Book Image

Node.js Design Patterns - Third Edition

By : Mario Casciaro, Luciano Mammino
5 (1)
Book Image

Node.js Design Patterns - Third Edition

5 (1)
By: Mario Casciaro, Luciano Mammino

Overview of this book

In this book, we will show you how to implement a series of best practices and design patterns to help you create efficient and robust Node.js applications with ease. We kick off by exploring the basics of Node.js, analyzing its asynchronous event driven architecture and its fundamental design patterns. We then show you how to build asynchronous control flow patterns with callbacks, promises and async/await. Next, we dive into Node.js streams, unveiling their power and showing you how to use them at their full capacity. Following streams is an analysis of different creational, structural, and behavioral design patterns that take full advantage of JavaScript and Node.js. Lastly, the book dives into more advanced concepts such as Universal JavaScript, scalability and messaging patterns to help you build enterprise-grade distributed applications. Throughout the book, you’ll see Node.js in action with the help of several real-life examples leveraging technologies such as LevelDB, Redis, RabbitMQ, ZeroMQ, and many others. They will be used to demonstrate a pattern or technique, but they will also give you a great introduction to the Node.js ecosystem and its set of solutions.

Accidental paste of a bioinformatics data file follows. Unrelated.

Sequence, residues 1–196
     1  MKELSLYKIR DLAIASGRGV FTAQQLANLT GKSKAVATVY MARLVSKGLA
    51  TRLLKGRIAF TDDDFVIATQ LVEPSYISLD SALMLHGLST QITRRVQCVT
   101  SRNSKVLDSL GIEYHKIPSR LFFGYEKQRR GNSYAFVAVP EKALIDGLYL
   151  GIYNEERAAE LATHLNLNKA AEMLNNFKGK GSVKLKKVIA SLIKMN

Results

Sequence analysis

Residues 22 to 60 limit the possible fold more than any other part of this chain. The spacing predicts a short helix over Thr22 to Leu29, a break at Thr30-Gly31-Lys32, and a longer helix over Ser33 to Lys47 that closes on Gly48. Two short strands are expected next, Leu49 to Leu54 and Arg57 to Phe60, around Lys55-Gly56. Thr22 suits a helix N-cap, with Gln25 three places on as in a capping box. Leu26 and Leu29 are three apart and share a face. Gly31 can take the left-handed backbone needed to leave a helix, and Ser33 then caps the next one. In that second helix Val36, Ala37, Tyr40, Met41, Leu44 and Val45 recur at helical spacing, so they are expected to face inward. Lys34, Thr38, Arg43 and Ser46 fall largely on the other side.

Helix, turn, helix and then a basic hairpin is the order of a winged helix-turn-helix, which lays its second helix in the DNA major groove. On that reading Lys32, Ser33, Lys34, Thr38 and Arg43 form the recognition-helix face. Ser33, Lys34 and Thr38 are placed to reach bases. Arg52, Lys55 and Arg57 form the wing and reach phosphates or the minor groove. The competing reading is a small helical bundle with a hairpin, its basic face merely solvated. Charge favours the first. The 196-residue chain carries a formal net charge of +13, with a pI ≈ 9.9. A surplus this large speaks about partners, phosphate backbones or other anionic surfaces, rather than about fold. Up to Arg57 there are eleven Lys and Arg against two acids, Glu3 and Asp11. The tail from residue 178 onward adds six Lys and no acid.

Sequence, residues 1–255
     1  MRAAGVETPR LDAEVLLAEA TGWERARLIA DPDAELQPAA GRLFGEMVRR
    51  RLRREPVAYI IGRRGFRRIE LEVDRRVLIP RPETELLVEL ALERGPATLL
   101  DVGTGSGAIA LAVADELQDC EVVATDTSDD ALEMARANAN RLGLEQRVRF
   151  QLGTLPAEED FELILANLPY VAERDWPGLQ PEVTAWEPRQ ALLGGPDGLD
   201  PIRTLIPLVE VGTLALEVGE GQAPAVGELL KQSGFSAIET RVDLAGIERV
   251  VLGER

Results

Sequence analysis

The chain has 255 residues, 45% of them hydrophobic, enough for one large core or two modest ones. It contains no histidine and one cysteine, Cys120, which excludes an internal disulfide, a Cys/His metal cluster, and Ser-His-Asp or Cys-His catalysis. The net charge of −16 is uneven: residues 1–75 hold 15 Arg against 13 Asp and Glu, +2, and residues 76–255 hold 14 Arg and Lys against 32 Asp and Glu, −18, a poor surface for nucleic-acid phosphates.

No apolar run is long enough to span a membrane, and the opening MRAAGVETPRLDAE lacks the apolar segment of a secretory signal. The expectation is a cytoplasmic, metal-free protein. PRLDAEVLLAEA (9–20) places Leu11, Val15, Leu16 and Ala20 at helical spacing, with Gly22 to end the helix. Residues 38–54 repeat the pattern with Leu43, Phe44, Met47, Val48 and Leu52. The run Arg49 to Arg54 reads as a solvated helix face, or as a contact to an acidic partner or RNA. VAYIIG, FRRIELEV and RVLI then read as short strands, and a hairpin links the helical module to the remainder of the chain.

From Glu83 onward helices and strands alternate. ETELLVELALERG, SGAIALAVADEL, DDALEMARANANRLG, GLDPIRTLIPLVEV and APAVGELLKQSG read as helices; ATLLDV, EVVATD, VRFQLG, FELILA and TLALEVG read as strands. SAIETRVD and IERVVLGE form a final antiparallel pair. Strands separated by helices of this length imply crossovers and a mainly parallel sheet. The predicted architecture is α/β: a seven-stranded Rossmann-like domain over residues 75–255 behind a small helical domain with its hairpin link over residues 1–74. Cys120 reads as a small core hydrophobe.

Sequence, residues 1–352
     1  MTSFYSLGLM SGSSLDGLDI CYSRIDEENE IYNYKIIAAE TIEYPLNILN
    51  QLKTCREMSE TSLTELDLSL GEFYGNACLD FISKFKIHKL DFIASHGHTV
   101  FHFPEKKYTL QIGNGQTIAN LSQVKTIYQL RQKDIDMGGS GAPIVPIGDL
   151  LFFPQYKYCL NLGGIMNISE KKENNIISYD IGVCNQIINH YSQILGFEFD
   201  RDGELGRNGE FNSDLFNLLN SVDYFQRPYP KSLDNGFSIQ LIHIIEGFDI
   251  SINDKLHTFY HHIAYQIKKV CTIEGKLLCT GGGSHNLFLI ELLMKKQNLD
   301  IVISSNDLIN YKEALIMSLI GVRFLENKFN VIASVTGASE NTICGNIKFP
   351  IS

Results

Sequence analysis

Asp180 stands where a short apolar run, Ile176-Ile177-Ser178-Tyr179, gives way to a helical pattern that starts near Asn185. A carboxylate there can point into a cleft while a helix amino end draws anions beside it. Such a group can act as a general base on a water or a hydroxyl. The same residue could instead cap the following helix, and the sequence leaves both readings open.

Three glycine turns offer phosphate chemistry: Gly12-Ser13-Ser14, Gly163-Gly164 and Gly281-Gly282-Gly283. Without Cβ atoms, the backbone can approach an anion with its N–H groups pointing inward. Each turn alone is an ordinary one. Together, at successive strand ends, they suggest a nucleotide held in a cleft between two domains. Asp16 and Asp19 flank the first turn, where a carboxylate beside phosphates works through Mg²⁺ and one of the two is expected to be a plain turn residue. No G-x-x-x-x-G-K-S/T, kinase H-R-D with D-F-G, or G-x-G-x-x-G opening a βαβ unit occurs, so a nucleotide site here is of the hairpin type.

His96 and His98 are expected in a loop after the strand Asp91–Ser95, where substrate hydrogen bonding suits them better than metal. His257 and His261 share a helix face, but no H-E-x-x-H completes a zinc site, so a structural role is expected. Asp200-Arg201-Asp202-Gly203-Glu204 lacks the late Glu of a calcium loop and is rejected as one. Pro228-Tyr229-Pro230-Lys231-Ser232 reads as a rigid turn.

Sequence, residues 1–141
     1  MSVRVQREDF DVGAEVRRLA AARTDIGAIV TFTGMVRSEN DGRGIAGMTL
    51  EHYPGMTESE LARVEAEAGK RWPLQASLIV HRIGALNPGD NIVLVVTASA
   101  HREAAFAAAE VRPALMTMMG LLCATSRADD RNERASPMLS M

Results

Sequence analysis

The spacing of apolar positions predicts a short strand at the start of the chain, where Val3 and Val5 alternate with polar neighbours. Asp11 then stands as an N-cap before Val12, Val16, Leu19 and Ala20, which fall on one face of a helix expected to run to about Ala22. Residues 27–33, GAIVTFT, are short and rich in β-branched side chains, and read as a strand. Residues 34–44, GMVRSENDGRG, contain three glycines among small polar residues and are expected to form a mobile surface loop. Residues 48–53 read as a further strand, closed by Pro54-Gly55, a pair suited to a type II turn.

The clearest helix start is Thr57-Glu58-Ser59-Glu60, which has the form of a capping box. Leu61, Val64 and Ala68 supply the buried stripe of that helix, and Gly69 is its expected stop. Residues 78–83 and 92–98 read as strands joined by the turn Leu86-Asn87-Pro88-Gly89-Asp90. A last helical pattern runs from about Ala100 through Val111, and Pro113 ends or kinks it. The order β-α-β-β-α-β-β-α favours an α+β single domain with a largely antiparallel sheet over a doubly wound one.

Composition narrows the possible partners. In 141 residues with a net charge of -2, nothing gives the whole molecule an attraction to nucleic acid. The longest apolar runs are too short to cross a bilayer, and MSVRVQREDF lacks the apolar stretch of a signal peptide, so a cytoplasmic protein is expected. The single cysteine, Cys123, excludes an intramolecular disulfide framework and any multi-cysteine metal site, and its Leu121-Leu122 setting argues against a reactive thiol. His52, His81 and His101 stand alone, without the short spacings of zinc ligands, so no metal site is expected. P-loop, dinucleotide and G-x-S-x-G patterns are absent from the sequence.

Table of Contents (16 chapters)
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  • 3.1 A simple event: Modify the asynchronous FindRegex class so that it emits an event when the find process starts, passing the input files list as an argument. Hint: beware of Zalgo!
  • 3.2 Ticker: Write a function that accepts a number and a callback as the arguments. The function will return an EventEmitter that emits an event called tick every 50 milliseconds until the number of milliseconds is passed from the invocation of the function. The function will also call the callback when the number of milliseconds has passed, providing, as the result, the total count of tick events emitted. Hint: you can use setTimeout() to schedule another setTimeout() recursively.
  • 3.3 A simple modification: Modify the function created in exercise 3.2 so that it emits a tick event immediately after the function is invoked.
  • 3.4 Playing with errors: Modify the function created in exercise 3.3 so that it produces an error if the timestamp at the moment of a tick ...